Facebook content oversight member reportedly linked to Muslim Brotherhood

Yemeni Nobel Peace Prize Laureate Tawakkol Karman has been picked as one of 20 members of the new board, but has in the past proclaimed support for the Islamist organization.

Women Journalists Without Chains co-founder and Nobel Peace Prize laureate Tawakkol Karman attends the annual Munich Security Conference in Munich, Germany February 17, 2019. (photo credit: REUTERS/ANDREAS GEBERT)
Women Journalists Without Chains co-founder and Nobel Peace Prize laureate Tawakkol Karman attends the annual Munich Security Conference in Munich, Germany February 17, 2019.
A member of Facebook's new oversight board, which will have control of the content moderation process for the social media platform, has in the past expressed support for the Muslim Brotherhood, according to the Middle East Media Research Institute (MEMRI) and media reports.
On Wednesday, Facebook announced the first 20 members of its oversight board, which has been handed the final say on what user-generated content the platform removes. Among the members are Yemeni Nobel Peace Prize Laureate Tawakkol Karman, who was awarded the accolade for her role in the Arab Spring.
However, she also appears to have links to the Muslim Brotherhood, which has been proscribed as a terror organization by several countries including Saudi Arabia, Russia and Bahrain. The Muslim Brotherhood has stated that its aim is the establishment of a state run under Sharia law. It is also the precursor to Hamas.
When Karman won the peace prize in 2011, the Muslim Brotherhood's official website, Ihkwanweb, put out a statement congratulating her and recognizing her as a member of a Muslim Brotherhood branch.
The statement, dated October 9, 2011, read: "Dr. Abdul-Rahman Ba-Fadel, president of the parliamentary bloc of the Yemeni Congregation for Reform (YCR), Yemen's Muslim Brotherhood, congratulated the Yemeni political activist Tawakkul Karman, member of the YCR, for winning the Nobel Peace Prize."
Karman herself has also made public statements in support of the Muslim Brotherhood.
A report by MEMRI noted that in an interview on BBC Arabic TV on September 15, 2013, Karman said, "The most important achievement of the January [2011] Revolution [in Egypt] was the abolishment of the emergency law. Unfortunately, the July 3 [2013] coup reinstated that law. The Muslim Brotherhood and its supporters, who oppose the military rule, are engaged in a legendary struggle, which they are waging with their blood, their resolute steadfastness, and their belief that they will restore the revolution to its true path."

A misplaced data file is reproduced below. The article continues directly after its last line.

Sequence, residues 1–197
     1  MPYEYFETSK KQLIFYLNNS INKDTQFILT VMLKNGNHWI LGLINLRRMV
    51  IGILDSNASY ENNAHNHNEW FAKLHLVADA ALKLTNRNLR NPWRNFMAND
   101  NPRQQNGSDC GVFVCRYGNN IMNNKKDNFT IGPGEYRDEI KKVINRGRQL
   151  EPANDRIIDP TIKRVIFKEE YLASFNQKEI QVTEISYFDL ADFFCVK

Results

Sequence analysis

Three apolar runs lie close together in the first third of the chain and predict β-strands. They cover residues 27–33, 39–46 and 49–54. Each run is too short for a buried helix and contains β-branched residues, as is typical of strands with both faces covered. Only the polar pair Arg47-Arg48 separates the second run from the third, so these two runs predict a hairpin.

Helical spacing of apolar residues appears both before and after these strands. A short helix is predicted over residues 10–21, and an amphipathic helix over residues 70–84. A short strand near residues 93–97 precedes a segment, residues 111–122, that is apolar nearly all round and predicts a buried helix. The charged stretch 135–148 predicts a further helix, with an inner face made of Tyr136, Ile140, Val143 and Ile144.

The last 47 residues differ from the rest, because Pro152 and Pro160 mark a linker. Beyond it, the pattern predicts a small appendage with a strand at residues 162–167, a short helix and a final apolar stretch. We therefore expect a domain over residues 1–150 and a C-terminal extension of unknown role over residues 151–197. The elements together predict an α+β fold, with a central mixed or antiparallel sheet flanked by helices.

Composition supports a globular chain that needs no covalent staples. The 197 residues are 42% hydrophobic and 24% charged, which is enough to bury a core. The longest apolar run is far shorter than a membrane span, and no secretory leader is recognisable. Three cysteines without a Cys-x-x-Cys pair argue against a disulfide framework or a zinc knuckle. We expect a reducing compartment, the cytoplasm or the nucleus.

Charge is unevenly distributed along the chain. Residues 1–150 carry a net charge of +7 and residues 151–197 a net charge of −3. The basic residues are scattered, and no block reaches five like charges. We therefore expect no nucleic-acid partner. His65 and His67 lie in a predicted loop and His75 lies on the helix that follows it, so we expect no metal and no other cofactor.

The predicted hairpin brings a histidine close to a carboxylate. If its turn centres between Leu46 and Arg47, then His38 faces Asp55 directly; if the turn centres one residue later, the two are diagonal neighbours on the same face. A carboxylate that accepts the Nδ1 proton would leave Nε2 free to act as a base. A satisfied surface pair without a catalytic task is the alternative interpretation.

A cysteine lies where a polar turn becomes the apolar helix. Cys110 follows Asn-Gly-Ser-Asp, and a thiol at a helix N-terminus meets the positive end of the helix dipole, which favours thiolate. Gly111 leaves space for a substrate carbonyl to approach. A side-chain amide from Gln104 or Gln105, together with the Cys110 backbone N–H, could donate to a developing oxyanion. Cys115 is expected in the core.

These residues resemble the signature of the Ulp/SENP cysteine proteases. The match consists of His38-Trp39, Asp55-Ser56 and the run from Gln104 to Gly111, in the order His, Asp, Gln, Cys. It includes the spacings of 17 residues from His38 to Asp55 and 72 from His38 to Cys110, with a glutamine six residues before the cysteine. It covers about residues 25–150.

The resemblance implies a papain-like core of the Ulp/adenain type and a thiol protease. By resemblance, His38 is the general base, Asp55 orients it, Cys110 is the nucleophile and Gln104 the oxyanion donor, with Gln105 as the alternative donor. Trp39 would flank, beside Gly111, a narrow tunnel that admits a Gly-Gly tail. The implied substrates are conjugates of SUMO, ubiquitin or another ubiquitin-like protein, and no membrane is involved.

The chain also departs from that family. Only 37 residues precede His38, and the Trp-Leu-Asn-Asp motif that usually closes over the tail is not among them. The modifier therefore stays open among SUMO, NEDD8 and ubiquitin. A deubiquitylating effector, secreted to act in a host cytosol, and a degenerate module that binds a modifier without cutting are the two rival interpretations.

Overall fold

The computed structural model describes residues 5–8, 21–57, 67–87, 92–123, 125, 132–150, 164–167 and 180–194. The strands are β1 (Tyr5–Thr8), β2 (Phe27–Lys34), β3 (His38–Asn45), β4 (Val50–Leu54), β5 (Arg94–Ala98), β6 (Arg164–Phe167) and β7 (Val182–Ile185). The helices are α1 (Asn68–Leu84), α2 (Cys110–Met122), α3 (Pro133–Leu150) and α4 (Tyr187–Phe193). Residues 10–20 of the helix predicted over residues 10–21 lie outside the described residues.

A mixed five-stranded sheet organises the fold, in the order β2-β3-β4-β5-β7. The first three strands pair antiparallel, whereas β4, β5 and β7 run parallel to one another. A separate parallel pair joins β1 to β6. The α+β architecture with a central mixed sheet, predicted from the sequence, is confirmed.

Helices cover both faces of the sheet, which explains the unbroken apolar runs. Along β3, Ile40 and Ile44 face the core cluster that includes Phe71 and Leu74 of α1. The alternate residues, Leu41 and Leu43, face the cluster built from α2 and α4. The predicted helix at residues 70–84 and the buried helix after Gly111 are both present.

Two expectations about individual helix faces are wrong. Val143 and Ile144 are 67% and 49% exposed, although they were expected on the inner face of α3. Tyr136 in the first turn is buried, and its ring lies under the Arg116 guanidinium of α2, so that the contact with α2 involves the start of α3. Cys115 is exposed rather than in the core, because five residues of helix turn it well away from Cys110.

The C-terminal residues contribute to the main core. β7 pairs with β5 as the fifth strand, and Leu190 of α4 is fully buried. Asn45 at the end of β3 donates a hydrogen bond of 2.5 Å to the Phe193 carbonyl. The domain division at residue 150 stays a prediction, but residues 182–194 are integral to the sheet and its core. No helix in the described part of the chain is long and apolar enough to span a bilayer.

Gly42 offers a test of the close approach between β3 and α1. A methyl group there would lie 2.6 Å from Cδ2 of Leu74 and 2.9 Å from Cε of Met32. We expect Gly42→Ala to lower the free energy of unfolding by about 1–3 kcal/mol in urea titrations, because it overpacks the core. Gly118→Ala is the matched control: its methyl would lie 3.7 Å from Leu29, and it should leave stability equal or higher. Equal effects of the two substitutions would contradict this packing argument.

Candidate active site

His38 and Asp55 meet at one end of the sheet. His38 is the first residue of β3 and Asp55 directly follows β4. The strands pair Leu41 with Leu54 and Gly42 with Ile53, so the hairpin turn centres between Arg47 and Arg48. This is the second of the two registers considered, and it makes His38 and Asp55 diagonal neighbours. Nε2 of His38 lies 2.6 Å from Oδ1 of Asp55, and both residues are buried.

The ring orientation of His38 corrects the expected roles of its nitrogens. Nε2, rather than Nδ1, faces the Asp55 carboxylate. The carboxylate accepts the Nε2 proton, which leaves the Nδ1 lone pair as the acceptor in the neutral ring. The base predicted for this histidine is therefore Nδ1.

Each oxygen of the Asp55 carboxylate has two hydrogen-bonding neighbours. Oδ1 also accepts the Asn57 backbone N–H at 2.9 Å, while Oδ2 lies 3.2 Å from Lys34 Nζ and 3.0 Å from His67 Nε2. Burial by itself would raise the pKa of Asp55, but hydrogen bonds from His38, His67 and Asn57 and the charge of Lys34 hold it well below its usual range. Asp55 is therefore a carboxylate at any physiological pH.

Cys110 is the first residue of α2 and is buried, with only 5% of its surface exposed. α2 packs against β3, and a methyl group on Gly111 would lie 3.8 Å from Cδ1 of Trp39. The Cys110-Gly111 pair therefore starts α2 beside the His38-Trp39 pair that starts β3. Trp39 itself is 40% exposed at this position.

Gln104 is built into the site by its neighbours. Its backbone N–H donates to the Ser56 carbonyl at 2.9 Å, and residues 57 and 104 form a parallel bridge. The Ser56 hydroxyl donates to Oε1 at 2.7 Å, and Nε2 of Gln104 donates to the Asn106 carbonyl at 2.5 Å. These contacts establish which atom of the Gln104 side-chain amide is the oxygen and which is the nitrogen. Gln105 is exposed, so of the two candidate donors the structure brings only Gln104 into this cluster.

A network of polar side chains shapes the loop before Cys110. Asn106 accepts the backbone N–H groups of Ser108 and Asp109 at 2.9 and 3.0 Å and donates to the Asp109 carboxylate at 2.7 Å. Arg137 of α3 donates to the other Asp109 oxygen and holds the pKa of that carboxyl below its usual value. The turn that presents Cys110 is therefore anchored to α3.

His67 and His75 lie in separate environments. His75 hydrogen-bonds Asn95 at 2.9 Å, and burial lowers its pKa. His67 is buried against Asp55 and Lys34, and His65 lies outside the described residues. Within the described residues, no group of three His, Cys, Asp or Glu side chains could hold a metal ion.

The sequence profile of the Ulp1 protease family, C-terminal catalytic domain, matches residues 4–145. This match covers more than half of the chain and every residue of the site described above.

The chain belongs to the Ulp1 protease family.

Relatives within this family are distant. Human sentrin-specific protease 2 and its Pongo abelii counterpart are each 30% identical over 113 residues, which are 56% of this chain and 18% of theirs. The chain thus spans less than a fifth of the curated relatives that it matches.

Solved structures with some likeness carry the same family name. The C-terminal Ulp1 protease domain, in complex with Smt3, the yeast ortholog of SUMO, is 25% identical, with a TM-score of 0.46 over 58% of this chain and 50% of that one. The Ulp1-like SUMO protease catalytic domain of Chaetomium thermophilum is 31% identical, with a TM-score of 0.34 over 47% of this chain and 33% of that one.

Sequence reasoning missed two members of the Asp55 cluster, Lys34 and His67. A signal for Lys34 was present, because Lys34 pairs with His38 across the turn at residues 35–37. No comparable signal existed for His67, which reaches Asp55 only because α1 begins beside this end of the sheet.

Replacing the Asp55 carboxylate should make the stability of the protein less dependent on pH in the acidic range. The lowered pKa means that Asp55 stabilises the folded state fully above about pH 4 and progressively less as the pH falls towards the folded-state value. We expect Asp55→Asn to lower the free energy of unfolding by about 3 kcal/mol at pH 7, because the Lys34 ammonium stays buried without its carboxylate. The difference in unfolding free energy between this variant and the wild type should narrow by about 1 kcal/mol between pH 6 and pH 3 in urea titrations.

The interviewer asked whether she supported the Muslim Brotherhood, and she replied: "You can hear it from me: Yes, at this stage, I am partial towards the Muslim Brotherhood..."
Facebook's oversight board members have been handed considerable powers regarding what content may be shared on the platform.
In an op-ed published by the New York Times on Wednesday, the four co-chairs of the group, who were involved in hand-picking the 16 others members, including Karman, explained that the board has been awarded a $130 million trust fund to carry out its work completely independent of Facebook, and that its decisions cannot be revoked by Facebook unless they are found to violate the law.
The board members will contract directly with the board, and will serve fixed terms of three years, up to a maximum of three terms.
"We cannot be removed by Facebook," they wrote. "Facebook’s chief executive, Mark Zuckerberg, has also personally committed to this arrangement."
Defining the mission of the board, they wrote, "We know that social media can spread speech that is hateful, harmful and deceitful. In recent years, the question of what content should stay up or come down on platforms like Facebook, and who should decide this, has become increasingly urgent.
"The oversight board will focus on the most challenging content issues for Facebook, including in areas such as hate speech, harassment and protecting people’s safety and privacy," the statement continued. "It will make final and binding decisions on whether specific content should be allowed or removed from Facebook and Instagram." 
Facebook owns Instagram.
"The members announced today reflect a wide range of views and experiences," Facebook said in a statement. "They have lived in over 27 countries, speak at least 29 languages and are all committed to the mission of the Oversight Board. We expect them to make some decisions that we, at Facebook, will not always agree with – but that’s the point: they are truly autonomous in their exercise of independent judgment. We also expect that the board’s membership itself will face criticism. But its long-term success depends on it having members who bring different perspectives and expertise to bear."